The dating of zecheriah

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The rest of the book is less specifically historical in its hope, and also more theological and pastoral in its focus.

The main emphasis is that God is at work and plans to live again with his people in Jerusalem.

Finally, some analysts regard certain sections of the second part of the book as older than the first, and as pre-exilic in date. These may be regarded as a symbolic history of Israel, intended to furnish consolation to the returned exiles and stir up hope in their minds, centering on the rebuilding of the Temple.

The governor Zerubbabel and the high priest Joshua ( The early chapters of the book (Chapters 1-6) display an urgent historical hope for the restoration of the Temple of Jerusalem and the ministry of the "two olive trees," especially the "Branch." This figure is clearly identified as the high priest Joshua, while the other "anointed one" seems to be Zerubbabel, the governor, who was of Davidic lineage.

These chapters are also notable for several depictions of a suffering messianic figure that seems to have influenced later New Testament writers in their portrayals of Jesus.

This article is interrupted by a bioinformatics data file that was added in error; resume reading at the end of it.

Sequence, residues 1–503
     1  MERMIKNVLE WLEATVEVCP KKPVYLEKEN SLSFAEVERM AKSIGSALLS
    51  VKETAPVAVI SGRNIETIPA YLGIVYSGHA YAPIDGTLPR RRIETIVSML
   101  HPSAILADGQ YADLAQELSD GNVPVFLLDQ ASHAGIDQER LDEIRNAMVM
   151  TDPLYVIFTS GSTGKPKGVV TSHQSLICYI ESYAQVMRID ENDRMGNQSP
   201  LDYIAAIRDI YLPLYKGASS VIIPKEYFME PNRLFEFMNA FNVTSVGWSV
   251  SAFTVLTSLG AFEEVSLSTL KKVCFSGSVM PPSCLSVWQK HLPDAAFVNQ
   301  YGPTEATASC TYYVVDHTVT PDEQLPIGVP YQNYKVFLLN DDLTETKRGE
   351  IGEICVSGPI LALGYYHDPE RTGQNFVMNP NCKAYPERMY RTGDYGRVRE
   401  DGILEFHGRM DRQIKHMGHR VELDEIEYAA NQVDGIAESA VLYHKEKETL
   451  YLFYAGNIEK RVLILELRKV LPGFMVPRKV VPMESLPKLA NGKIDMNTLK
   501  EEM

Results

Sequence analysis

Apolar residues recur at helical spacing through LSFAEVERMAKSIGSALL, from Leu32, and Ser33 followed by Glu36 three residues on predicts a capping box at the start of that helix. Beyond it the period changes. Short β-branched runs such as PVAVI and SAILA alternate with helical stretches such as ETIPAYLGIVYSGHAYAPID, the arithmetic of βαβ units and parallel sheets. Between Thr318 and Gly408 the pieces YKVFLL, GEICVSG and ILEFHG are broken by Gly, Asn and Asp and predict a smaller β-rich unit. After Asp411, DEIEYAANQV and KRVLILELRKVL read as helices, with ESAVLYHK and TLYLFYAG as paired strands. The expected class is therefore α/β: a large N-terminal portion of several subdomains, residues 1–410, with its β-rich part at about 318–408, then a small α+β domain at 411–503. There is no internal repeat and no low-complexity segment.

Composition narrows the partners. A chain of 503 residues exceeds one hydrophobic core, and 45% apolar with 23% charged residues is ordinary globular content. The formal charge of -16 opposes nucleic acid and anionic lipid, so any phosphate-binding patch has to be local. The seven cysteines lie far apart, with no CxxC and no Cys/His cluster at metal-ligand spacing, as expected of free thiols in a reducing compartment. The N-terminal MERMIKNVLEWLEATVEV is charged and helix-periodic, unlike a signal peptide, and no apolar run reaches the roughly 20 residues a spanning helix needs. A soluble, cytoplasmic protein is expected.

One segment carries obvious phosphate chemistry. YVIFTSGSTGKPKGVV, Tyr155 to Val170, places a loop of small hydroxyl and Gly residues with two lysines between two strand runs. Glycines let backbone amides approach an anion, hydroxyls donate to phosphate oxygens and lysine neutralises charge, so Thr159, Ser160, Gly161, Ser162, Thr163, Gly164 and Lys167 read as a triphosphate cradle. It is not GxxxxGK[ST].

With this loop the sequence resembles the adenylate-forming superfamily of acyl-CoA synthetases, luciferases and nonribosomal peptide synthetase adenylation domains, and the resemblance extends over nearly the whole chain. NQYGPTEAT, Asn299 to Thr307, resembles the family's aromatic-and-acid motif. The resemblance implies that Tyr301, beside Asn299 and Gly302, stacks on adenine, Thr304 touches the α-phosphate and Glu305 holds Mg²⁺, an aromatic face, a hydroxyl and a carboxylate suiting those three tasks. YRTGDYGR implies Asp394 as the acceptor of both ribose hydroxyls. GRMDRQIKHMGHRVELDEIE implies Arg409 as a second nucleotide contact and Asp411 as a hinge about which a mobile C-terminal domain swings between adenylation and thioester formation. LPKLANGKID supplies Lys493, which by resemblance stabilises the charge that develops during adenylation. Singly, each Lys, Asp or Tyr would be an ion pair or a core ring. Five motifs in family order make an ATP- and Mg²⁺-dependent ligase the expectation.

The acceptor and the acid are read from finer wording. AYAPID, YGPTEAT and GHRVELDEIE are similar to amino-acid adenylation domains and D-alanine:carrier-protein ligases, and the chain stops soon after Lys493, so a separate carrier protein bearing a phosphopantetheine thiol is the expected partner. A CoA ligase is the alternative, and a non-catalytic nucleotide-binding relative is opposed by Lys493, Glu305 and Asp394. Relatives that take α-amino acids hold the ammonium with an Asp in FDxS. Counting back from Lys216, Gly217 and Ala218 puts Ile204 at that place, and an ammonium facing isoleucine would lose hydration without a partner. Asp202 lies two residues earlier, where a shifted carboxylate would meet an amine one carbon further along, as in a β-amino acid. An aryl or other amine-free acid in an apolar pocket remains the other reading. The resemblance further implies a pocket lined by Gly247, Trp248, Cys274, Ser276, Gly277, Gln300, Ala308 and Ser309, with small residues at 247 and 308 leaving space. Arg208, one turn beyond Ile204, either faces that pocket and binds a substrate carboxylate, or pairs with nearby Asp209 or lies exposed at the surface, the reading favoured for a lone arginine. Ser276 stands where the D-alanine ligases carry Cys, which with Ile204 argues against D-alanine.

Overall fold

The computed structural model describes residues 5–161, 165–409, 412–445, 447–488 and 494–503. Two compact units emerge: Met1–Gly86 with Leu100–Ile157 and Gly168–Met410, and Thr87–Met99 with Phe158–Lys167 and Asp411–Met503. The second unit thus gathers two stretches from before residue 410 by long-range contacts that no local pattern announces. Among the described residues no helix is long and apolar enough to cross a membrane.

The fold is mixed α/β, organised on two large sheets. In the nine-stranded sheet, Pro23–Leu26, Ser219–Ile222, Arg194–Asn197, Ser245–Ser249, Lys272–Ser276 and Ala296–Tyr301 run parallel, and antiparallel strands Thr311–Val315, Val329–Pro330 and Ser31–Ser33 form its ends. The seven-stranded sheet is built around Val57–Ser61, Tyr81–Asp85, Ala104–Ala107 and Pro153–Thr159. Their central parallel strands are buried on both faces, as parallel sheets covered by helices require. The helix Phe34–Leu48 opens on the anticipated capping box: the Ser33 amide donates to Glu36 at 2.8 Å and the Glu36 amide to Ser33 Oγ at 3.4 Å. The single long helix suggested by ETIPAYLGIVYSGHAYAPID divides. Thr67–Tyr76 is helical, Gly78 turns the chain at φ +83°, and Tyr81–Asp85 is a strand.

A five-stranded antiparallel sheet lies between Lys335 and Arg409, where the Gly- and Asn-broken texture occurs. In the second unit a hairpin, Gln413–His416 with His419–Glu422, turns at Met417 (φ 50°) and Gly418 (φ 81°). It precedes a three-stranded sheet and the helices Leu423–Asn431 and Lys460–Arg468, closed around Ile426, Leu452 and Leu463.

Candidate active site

Some commentators, however, see no reason to doubt that the entire book was written by the historical Zechariah.

Zechariah's early visions—such as the apocalyptic four chariots and their colored horses, the seven lampstands, and two olive trees—strongly influenced the writing of the Book of Revelation.

Much of these sections consist of denunciations of Judah's enemies and predictions of Jerusalem's future greatness.

In Matthew and Luke -51, Jesus seems to refer to this earlier Zechariah as "Zechariah son of Berechiah." A tradition preserved in the Lives of the Prophets states that Zechariah actually died a peaceful death "when he had attained a great age" and was buried near Haggai.

There is no consensus as to the precise date and authorship of the Book of Zechariah.

After the death of Cyrus in 530 His system divided the different colonies of the empire into easily manageable districts overseen by governors.

Here, the name of Zerubbabel comes into the story, a descendant of King David appointed by Darius as governor over the district of Yehud (Judah).

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